SJM: You took almost 15 years off from coaching. What was the hardest part about coming back?
DV: The tempo of life totally changes. When we took over the Rams I worked seven days a week in the offseason. Fortunately we didn’t sell the place here [in the Philadelphia area], because I knew I’d come back. But the tempo of life was just so dramatically different. The focus and concentration it takes to run a team is incredible. I was president of football operations as well, and having been out of it for 14 years, I needed good people surrounding me. We had at least nine really solid, solid players, and a number of them ended up in the Pro Bowl.

I also learned that the game had changed; it was a more wide-open game, far more sophisticated in volume—what you did every weekend. The media coverage had quadrupled, the media responsibilities, the press conferences.

SJM: Did you enjoy the press conferences?
DV: They didn’t bother me. Through my work with CBS Sports, I developed a level of respect for what these people did for a living. John Wooden [the legendary UCLA basketball coach] once told me, “Don’t read the paper, don’t watch TV when your name’s involved,” and I never did. I never was on the defense. … You’ve got to be what you are. I had embarrassed myself emotionally a number of times, but I’ve learned to live with it. I used to consider it a weakness, but now I just accept it as me being who I am.

SJM: Many people here also re­mem­ber you through Greg Kinnear’s portrayal of you in Invincible, about Cherry Hill resident Vince Papale winning a spot on the Eagles roster as a walk-on. How did Kinnear do?
DV: I only saw the movie once, and I thought he did a good job. My wife [Carol] said he did a good job. He came to training camp, and he was a nice person to visit with. There’s a lot of stuff on me at NFL Films, and I think he did a lot of character study over there.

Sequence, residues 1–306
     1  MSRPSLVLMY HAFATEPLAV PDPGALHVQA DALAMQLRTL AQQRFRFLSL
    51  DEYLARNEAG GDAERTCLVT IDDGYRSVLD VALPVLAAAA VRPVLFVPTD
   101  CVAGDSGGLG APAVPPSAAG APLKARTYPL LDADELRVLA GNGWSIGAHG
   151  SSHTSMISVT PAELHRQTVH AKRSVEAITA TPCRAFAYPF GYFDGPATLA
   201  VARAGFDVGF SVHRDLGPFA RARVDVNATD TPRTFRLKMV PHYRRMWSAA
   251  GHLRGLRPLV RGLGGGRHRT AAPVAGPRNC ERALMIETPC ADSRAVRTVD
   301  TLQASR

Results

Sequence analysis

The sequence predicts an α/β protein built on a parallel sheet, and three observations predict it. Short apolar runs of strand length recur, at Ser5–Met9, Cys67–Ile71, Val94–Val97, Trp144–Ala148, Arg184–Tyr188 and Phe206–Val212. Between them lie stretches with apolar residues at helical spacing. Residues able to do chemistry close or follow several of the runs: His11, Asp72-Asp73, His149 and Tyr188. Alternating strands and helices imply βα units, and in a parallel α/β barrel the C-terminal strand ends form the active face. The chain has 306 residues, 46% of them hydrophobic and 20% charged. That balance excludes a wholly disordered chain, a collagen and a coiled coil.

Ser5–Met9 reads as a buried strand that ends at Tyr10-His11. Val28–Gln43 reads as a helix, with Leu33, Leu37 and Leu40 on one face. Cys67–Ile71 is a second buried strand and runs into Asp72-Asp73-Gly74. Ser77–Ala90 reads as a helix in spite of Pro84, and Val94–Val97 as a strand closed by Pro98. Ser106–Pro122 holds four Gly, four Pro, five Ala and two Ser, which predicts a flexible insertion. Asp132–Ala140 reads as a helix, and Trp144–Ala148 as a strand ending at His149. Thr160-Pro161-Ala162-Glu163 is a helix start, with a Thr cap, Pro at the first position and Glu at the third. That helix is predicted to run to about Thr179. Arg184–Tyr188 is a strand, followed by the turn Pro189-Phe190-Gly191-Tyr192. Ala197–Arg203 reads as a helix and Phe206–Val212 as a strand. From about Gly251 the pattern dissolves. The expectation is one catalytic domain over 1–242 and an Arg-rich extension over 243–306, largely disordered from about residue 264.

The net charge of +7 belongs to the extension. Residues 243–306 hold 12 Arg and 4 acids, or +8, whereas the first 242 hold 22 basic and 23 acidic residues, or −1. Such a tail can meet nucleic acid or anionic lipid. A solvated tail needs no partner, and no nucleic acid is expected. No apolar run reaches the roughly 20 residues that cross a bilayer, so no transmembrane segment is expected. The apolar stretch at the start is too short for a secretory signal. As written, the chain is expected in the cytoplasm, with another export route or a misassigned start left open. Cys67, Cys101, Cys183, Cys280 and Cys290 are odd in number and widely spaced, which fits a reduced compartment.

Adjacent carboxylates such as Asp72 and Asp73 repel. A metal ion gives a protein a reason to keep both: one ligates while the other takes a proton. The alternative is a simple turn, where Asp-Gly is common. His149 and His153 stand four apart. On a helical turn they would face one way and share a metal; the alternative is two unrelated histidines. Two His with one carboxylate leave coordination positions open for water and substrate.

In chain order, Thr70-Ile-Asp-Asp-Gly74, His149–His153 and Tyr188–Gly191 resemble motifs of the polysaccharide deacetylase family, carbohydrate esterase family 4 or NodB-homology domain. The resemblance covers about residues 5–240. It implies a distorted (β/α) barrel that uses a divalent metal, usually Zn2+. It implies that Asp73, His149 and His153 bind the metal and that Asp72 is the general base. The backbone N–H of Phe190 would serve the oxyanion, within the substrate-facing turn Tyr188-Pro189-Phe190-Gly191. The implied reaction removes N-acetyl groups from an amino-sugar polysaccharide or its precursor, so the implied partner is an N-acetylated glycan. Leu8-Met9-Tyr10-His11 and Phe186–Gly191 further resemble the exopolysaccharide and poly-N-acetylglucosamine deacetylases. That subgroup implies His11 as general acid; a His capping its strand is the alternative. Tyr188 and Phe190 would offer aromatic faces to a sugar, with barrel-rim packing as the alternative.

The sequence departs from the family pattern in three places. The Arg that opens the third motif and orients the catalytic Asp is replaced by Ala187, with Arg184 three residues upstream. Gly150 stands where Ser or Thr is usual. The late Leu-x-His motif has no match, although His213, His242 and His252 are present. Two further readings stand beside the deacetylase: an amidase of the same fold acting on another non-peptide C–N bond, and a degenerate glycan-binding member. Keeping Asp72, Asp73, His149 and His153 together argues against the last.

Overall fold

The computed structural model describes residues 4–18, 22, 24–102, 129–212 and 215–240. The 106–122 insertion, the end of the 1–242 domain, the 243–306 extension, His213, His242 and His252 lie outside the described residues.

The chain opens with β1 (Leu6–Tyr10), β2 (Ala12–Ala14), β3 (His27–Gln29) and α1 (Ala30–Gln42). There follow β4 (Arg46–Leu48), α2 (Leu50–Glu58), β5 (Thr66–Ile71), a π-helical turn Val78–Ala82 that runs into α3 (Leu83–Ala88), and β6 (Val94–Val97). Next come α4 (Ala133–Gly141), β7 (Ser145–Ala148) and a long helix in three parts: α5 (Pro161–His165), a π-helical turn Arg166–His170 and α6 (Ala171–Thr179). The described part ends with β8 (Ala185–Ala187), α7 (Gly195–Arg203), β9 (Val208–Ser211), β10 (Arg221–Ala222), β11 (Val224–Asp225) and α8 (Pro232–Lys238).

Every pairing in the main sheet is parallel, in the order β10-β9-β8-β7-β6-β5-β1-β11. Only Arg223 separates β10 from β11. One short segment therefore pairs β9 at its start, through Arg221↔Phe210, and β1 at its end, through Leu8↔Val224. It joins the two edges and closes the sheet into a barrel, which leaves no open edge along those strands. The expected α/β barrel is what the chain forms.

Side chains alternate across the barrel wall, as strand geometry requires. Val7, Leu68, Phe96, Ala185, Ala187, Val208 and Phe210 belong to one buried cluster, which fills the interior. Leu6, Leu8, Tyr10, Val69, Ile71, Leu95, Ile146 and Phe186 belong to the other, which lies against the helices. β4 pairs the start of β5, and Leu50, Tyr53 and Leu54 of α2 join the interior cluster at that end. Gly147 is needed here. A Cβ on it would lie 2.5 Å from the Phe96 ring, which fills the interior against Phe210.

SJM: Still close with anyone from your Eagles teams?
DV: Oh yeah, I keep up with them. Look at the roster from those Eagles teams, players and coaches, and we had some greats: Ron Jaworski, Wilbert Montgomery, Frank LeMaster, Randy Logan, Harold Carmi­chael, John Spagnola, Vince Papale, John Bunting, who coached my defense. I still see the guys I was close to; they’re part of my family.

SJM: The Eagles have had a long cham­pionship drought. What needs to hap­pen to turn the tide?
DV: I’m a firm believer that it will happen. I can’t define when but [the Eagles] are close. I believe in Andy Reid. I’ve been around all of them, and I’ve watched Andy coach, and I just believe they will get it done.

SJM: You grew up in Napa Valley, in a family of winemakers. At what point did you realize you wanted to pursue wine as a business venture?
DV: I always had an interest in wine and started making wine in 1999 as a hobby; I bottled 150 to 200 cases per year under the Jean Louis Vermeil label, and the winery that made it sold it as their cabernet. After I got out of coaching, some friends and I got together and said, “Let’s turn this into a business.” That was three years ago, and now we’re doing 5,000 cases a year.

SJM: You’re not just a name on a bottle; you’re very involved in promoting your wines.
DV: I also go out [to Napa Valley] during the crush and work; I drive the tractor in the morning, and work in the winery in the afternoon. Carol works in the winery in the afternoon, too. You don’t need to know a whole lot, but you do have to be willing to work.

SJM: What’s next for you?
DV: I enjoy doing corporate speaking, and I’ve been doing that; it gives me a team to coach for a couple of hours. ... I’m also involved in restoring old race cars. The first one is in the National Sprint Car Hall of Fame and Museum in Iowa, and now I’m working on my second. I worked as a journeyman mechanic in a garage when I was a high school coach, and this gives me a chance to get my hands greasy again.

Published (and copyrighted) in South Jersey Magazine, Volume 8, Issue 10 (January, 2012).